such a good movie you guys

anonymous asked:

What do you think of the single cover/poster? It looks like Lana edited the pic herself, it looks kind of DIY but not in a good way. Like there's a random guy with glasses and a pick up truck in the sky on the right, it looks strange to me.

I can see where people criticize because style/art has evolved so much over the decades but  I kind of love it. It’s very retro movie styled. A lot of the older movies had posters like that. It reminds me of that clip out art where the put the vintage pictures and mix in outer space and I’ve always enjoyed that. <3

Guys, I’m actually kinda worried.

(regarding this)

The movie should be fine, since it’s extremely likely Studio BONES will sign on for that, but…a stage play?

It’s good that there’s a stage play and a movie - it means Bungou Stray Dogs is selling well. However, I’m worried about the abilities.

For someone like, say, Dazai or Yosano, that would be fine and dandy, but…what about some of the more “far from reality” abilities like For the Tainted Sorrow, Rashomon or Beast Beneath the Moonlight? How are the stage play people going to pull that off?

I don’t know much about stage plays, but regardless of what they’re going to do about those abilities, they’re going to require a lot of willing suspension of disbelief.

To prove my point, here’s something from the Boueibu stage play:

Originally posted by chiyachiya

wacheypena  asked:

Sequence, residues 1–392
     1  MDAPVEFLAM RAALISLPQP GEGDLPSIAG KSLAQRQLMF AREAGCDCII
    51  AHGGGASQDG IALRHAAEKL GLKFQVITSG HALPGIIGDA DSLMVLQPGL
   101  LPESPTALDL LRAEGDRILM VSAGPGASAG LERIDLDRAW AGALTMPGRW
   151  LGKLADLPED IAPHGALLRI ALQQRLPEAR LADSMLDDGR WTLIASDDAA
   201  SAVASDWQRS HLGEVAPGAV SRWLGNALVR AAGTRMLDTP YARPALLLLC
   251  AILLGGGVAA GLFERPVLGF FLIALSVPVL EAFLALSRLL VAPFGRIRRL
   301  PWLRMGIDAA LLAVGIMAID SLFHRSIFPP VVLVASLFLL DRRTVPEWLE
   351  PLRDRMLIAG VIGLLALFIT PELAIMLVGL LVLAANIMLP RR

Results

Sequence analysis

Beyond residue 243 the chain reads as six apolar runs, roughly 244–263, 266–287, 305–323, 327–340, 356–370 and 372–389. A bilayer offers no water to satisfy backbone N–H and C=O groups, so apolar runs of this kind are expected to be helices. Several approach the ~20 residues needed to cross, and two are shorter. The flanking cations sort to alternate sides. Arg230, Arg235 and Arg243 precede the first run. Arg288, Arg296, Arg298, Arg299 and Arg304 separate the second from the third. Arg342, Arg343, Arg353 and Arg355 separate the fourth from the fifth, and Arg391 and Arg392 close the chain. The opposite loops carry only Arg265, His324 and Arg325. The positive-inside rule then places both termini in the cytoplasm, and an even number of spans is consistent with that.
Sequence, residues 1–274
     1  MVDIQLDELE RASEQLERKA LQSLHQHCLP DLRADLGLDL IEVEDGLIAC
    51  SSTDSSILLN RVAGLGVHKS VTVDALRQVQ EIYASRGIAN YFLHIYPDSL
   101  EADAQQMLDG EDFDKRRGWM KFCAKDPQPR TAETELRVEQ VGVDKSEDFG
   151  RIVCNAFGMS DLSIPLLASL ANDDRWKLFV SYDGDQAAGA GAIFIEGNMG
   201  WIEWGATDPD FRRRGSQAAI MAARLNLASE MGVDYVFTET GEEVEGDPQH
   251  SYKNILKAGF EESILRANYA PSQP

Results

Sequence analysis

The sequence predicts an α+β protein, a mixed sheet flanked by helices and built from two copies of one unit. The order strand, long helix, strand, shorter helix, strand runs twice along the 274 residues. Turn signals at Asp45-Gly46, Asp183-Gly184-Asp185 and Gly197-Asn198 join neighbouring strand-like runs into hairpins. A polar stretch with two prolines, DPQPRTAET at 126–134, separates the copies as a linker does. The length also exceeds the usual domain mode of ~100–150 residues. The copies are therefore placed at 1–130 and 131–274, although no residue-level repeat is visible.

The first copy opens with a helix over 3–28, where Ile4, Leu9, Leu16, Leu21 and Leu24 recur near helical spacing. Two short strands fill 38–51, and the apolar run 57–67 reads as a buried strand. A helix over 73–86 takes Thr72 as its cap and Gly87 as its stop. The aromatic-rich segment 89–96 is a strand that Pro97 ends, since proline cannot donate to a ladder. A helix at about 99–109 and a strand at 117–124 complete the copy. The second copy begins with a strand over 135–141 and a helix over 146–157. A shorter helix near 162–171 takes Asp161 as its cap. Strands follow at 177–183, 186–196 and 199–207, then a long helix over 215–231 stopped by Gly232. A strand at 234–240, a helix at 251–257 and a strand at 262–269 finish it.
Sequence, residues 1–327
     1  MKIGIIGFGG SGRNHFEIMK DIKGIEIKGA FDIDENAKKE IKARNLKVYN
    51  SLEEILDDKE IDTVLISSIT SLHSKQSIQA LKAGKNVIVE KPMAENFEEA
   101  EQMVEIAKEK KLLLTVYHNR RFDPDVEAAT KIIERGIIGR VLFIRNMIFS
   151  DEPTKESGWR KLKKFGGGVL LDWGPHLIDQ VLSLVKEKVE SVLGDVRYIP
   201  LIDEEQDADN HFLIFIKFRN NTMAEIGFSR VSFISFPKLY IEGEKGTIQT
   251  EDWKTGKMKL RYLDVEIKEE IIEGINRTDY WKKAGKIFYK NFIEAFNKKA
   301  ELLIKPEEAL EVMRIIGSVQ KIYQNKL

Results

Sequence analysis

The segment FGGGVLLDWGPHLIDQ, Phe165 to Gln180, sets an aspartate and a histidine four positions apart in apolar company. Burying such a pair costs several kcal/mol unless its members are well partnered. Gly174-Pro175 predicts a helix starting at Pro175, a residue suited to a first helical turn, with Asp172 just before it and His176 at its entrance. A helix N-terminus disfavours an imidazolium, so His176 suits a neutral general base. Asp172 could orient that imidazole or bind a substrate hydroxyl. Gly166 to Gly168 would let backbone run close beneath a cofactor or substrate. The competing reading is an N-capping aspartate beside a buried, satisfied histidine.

Daughterofscotland and I were trying to figure out the parallels between high school movies, where jocks/preppy/popular kids are evil and geeks/outcasts/nerds are the good guys, and how in comics it's just about the opposite, where intelligent peeps are evil and the jock-like characters who act first, ask questions later are good guys. There's exceptions in both cases, but we were just wondering if you could figure it out?

I mean, I would first say that that’s not really the case / it’s a false dichotomy?

In comics, you’ve got Spiderman, designed originally to be the ultimate nerd archetype character, and the original version of Batman is a billionaire nerd in a bat suit dubbed “the world’s greatest detective”?? 

But it is true for characters like Superman and Captain America, and there are reasons for that.

For starters, who designed these characters and what they were meant to represent. Superman and Cap were both designed by Jewish men during the rise of Nazism and during WW2 and there are political underpinnings to their design and to the “fuck you” nod they invoke against the “ubermensch” philosophy during that era. I won’t get into the details because frankly, I don’t know them all, and there are way better essays on this than I could write, but it’s an essential part of their history.